It’s funny how easy it is to presume that God’s idea of working a miracle in the post-Ascension world leaves no room for Christians to vote for such a candidate, but would readily favor the launch of incompetent puritan ideologues to power. At this point I can’t help but envision the Christian indie filmmakers who, given all the opportunity in the world, would still hire a tone-deaf pastor’s kid as a composer instead of Elton John, because the latter is homosexual. Then they would embrace their resulting failure, and blame it on persecution for keeping themselves unstained by the world, instead of realizing that they failed because they produced poor quality art. This disconnect from reality is apparent in some folks’ reaction to their favorite political candidates losing primary races as well. They readily assume it’s because of some crisis related to their moral and intellectual superiority, instead of considering that maybe Trump beat out 16 other candidates because he’s somehow better at winning national elections at this time.
While caught up in the drama of failing for the glory of God, such individuals overlook that it wasn’t Jesus’ blamelessness that first startled and intrigued people. The religious establishment was most astonished that Rabbi Yeshua indiscriminately helped (and was often hosted by) their moral and political enemies (if paparazzi were around, He’d probably be photographed standing next to those who hit further decline than a Playboy magazine cover). The secular establishment and common folk respected Him for His ability to accomplish things, like healing and feeding people, probably manufacturing fine furniture as a carpenter, fearlessly calling corrupt people rude things like “crooked,” “perverse,” “vipers,” and “white washed tombs”, and for being mighty mean with a whip before Indiana Jones made it cool. Yeshua said we would do greater things than He did, and indeed, people flocked to the early church because these keepers of the Way did amazing things.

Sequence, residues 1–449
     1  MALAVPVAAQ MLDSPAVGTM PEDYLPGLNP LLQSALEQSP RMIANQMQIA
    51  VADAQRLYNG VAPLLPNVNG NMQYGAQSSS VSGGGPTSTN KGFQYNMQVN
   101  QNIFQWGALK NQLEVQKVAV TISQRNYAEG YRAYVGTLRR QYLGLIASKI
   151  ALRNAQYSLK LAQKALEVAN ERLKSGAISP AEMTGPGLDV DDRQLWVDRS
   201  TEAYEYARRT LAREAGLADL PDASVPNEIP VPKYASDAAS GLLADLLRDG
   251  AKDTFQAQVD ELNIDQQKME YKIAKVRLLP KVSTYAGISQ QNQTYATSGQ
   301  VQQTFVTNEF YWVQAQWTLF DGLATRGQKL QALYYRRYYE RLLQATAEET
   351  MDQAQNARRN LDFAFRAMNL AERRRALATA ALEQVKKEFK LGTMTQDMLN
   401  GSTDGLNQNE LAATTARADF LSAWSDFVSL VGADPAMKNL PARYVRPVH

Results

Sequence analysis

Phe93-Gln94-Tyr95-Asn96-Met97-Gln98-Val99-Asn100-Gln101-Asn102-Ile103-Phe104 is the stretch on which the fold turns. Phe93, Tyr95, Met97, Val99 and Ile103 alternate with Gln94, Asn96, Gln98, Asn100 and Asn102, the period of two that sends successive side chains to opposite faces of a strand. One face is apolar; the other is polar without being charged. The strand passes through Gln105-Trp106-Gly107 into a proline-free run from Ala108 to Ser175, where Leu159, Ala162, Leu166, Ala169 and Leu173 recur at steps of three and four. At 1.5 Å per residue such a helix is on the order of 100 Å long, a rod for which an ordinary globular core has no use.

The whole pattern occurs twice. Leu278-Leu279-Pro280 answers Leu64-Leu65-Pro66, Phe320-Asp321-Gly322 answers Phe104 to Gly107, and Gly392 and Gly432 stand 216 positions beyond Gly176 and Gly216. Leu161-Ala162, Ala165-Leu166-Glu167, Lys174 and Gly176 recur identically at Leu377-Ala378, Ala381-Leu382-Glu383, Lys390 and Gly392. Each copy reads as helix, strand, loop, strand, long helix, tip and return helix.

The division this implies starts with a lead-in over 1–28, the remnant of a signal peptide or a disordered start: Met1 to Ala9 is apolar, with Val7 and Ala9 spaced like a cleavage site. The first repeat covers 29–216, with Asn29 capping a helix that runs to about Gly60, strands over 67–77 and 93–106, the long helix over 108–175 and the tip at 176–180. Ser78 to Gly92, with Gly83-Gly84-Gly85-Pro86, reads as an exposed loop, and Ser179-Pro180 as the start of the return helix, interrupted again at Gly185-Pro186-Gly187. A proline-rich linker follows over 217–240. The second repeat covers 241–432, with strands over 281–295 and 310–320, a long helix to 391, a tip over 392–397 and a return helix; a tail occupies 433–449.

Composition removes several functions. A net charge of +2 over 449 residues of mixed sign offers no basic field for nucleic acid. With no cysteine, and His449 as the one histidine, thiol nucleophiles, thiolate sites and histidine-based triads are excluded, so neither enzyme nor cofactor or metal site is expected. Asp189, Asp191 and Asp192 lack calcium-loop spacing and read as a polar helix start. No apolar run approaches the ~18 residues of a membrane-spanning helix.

But as is common throughout history, too often the church has a tendency to flagellate and mull existential questions while the world crashes and burns, which sometimes results in God having to intervene with simpler-minded sinners of childlike confidence. This is why, as I explained previously, God may resort to working with the theologically naive, who understand cause and effect, rather than their religious counterparts who are all cause and no effect.
Afraid to win with imperfection, some Christians actually prefer to surrender the presidency to the most corrupt candidate in history, actually voting for Hillary Clinton or casting their protest (yet anonymous) ballot like a snowflake on a barren winter day, which clusters with so few of its kind as to melt into irrelevance. Yeshua once talked about a servant who so feared displeasing his Master that he buried his only talent. The servant kept himself and his talent untarnished, yet the Master declared them equally worthless.